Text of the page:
Source: supplied by publisher via Edelweiss
Formats available: hardcover, large print, paperback, ebook, audiobook
Genres: mystery, suspense, thriller
Series: Inspector Anjelica Henley #2
Published by Hanover Square Press on July 12, 2022
Purchasing Info: Author's Website, Publisher's Website, Amazon, Barnes & Noble, Kobo, Bookshop.org, Better World Books
Detective Anjelica Henley confronts a series of ritualistic murders in this heart-pounding thriller about race, power and the corrupt institutions that threaten us
When Detective Anjelica Henley is called to investigate the murder of a popular preacher in his own church, she discovers a second victim, tortured and tied to a bed in an upstairs room. He is alive, but barely, and his body shows signs of a dark religious ritual.
With a revolving list of suspects and the media spotlight firmly on her, Henley is left with more questions than answers as she attempts to untangle both crimes. But when another body appears, the case takes on a new urgency. Unless she can apprehend the killer, the next victim may just be Henley herself.
Drawing on her experiences as a criminal attorney, Nadine Matheson deftly explores issues of race, class and justice through an action-packed story that will hold you captive until the last terrifying page.
This case is gruesome, Henley and her team are flailing around in the pitch dark, and someone might seriously be eaten by an actual grue before it’s finally wrapped up. There are plenty of other disgusting, creepy, crawly things eating plenty of the bodies, so a grue isn’t all that far outside the realms of terrible possibility this time around.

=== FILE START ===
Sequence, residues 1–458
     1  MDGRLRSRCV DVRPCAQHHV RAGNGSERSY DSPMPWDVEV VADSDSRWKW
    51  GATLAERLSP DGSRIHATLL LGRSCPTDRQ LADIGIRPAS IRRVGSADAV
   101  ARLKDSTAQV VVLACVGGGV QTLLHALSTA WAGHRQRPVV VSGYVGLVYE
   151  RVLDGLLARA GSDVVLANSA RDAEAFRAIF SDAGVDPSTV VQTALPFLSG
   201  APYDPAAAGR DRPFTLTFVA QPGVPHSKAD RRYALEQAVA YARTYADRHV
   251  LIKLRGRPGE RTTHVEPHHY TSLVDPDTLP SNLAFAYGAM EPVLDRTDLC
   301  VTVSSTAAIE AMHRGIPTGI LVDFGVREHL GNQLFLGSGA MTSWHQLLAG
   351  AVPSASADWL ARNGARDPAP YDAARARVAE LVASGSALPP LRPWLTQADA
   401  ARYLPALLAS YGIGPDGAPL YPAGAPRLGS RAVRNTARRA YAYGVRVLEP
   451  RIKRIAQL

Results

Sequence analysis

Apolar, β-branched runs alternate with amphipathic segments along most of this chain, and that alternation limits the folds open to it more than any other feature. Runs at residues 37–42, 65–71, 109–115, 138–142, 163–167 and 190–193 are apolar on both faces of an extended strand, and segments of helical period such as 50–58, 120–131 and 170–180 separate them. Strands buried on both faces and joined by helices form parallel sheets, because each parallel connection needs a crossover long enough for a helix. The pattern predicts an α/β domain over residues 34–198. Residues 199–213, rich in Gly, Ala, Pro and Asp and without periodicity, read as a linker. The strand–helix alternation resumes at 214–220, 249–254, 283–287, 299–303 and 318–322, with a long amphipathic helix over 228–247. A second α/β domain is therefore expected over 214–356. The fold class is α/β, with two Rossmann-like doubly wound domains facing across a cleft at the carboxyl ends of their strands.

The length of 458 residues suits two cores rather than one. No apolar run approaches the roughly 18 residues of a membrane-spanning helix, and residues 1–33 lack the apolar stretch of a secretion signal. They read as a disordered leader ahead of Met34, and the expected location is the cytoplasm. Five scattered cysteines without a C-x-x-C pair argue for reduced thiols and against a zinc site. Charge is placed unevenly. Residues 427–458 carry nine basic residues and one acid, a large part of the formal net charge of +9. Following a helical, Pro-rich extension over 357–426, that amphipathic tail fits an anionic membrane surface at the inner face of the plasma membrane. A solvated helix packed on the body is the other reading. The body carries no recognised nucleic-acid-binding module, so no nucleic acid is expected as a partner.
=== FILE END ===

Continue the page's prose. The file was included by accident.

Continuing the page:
And it’s utterly riveting. So as much as the reader is creeped out and chilled to the bone, it’s impossible to turn one’s eyes away. No matter how much the stomach turns.
We first met DI Anjelica Henley in The Jigsaw Man, another heart-stopping, gruesome thriller where Henley and her team were both the investigators in a serial killer case AND potential victims.
It’s not a surprise that the aftermath of that case left them all with PTSD flashbacks. Nor it is a surprise that nearly all of their personal lives – which weren’t all that stable to begin with – seem to be in even more of a shambles.
Henley’s marriage is hanging by a thread, as is her ability to do her job. There’s too much grief and anger in her not-so-distant past and she can’t seem to let it out or find any closure for it – no matter how many sessions she attends with a therapist who keeps calling her on her bullshit. Of which there is rather a lot.
But it’s the case that draws the reader in, and sticks in both the mind and the queasy belly long after you turn the final page. If it is final – something I’m still wondering about.
It starts with a body. The dead body of a self-ordained preacher in the office of his more than a bit shady megachurch. But the thing that really kicks off this case is that the preacher’s body isn’t the only body in the church. As the cops sweep the building looking for clues, Henley discovers a locked room hidden inside a bland meeting room, and inside that room there’s another body. A body that’s clearly been starved for weeks and tortured before, during and after whatever else happened in that room.
And it’s somehow still alive – in spite of it’s ghastly appearance. But what’s it doing there? And how, by all that is or isn’t holy in that supposed house of worship, did it get into that room and why is it there in the first place?